Table Saw Techniques
Table Saw Techniques, Ripping long boards When rip-cutting boards that are longer than about 4 ft, you won't be able to begin the cut with your body next to the saw table. In these cases, first set up an out feed sup-port device behind the saw. Rest the front end of the board on the front edge of the saw table. Start the saw, move to the back of the board on the left-hand side and tilt it up, using the right- and left-hand positions for normal ripping. To start the rip, you'll want to keep the front edge of the board flat on the table as the blade engages it. However, this can be difficult to do when you're standing a few feet back from the saw.
To compensate, lift the back edge of the board higher than the saw table to plant the front edge of the board firmly against the table. Then begin the cut, lowering the board so it rests on the saw table and walking with the board as you feed it through the blade with your right hand.
Keep your eyes on the fence, and apply diagonal pressure with your hand so the board stays snug with ripping short boards Ripping short boards (less than 10 in. or so in length) can be hazardous, because you'll need to feed and support the wood close to the blade from start to finish. It can be tricky or impossible to work push sticks close enough in to the blade guard to guide the wood, so you may be inclined to remove the guard altogether, which will make short rips even more dangerous.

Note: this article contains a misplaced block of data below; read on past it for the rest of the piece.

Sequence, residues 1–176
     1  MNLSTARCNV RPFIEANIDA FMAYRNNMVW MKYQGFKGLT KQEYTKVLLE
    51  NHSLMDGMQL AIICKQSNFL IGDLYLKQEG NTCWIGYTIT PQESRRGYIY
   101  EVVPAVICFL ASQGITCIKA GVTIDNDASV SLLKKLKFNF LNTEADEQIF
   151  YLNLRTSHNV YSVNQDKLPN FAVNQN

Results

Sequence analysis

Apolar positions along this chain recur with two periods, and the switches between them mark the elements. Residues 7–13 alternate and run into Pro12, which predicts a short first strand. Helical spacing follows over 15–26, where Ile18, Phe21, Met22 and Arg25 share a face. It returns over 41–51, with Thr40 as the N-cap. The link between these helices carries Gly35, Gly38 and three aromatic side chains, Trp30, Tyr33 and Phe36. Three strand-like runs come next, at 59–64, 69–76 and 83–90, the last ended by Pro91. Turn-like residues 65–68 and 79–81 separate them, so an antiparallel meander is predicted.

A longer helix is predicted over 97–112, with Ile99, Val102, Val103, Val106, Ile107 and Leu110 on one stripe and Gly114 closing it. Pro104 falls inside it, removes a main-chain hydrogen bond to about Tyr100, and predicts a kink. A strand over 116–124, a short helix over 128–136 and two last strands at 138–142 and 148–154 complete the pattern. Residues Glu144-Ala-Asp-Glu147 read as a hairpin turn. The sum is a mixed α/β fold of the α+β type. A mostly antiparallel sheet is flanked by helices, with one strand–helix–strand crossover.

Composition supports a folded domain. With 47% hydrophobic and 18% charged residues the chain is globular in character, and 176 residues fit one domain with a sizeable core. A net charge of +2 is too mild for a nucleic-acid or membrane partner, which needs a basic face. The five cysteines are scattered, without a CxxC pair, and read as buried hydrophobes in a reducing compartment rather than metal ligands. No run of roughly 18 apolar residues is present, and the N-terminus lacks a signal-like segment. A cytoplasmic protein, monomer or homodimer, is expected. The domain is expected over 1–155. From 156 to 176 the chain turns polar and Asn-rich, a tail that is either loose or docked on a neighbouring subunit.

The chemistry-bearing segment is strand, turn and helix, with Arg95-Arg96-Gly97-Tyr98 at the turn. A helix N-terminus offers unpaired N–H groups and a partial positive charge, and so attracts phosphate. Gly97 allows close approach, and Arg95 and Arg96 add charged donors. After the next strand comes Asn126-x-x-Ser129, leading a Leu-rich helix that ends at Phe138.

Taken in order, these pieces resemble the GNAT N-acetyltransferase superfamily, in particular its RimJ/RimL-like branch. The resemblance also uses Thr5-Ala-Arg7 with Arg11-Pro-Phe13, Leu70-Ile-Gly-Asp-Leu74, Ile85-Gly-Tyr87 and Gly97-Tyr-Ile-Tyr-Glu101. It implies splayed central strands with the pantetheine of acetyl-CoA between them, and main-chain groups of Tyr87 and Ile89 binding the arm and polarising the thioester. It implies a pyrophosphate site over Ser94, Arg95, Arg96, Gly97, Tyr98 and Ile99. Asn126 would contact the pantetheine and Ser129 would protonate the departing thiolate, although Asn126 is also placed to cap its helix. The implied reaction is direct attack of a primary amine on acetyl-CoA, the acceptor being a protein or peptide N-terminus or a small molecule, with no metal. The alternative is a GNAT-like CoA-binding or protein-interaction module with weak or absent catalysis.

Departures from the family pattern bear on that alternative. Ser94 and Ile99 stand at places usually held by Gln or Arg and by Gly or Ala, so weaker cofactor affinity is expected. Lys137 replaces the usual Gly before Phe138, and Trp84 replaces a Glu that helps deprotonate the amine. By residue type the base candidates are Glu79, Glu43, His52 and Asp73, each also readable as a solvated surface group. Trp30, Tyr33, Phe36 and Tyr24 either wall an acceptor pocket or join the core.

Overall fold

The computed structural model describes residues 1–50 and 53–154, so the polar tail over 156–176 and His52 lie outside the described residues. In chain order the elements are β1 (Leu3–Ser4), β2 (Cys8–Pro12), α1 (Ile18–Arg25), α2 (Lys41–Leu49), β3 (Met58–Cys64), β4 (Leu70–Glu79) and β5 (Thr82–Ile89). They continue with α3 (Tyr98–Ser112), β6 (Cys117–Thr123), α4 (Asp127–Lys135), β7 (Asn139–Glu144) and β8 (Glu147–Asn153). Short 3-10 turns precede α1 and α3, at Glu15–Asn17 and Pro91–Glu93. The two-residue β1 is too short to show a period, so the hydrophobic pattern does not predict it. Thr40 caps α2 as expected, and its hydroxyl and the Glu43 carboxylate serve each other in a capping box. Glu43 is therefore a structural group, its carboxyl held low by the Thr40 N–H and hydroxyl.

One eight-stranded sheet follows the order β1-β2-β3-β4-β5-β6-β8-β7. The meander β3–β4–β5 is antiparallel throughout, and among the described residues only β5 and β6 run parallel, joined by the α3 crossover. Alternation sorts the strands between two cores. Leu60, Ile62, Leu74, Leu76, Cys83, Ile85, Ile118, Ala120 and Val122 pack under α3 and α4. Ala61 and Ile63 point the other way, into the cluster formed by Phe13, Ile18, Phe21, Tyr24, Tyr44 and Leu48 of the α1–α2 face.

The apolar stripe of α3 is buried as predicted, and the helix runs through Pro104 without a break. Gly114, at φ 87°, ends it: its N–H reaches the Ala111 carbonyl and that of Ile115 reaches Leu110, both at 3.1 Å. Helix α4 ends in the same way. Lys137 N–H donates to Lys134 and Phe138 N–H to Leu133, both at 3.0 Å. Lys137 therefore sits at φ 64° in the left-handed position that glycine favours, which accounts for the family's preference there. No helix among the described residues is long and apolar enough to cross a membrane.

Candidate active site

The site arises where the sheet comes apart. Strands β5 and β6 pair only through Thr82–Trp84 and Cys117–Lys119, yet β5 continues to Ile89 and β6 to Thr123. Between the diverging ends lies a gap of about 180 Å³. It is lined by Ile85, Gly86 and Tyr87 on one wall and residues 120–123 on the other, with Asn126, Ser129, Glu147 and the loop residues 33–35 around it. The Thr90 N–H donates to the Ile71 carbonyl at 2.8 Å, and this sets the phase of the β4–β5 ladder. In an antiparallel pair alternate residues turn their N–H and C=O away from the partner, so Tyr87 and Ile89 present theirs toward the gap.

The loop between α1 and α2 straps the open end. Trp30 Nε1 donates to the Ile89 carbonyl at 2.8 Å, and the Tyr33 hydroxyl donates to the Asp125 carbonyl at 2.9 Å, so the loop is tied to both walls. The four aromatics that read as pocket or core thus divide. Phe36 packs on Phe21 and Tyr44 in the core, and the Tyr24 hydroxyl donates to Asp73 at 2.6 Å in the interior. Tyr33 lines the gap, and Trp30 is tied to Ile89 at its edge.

What's more, if your wood isn't longer than the blade, you'll complete the cut before the leading edge of the work piece is even past the blade. which renders the splinter useless. The best option is to try to make your rip cut from a longer piece of stock, then crosscut the shorter length you need from the longer-stock. This way you'll maintain full control over the work piece without compromising your safety. Thanks for reading this page on table saw techniques.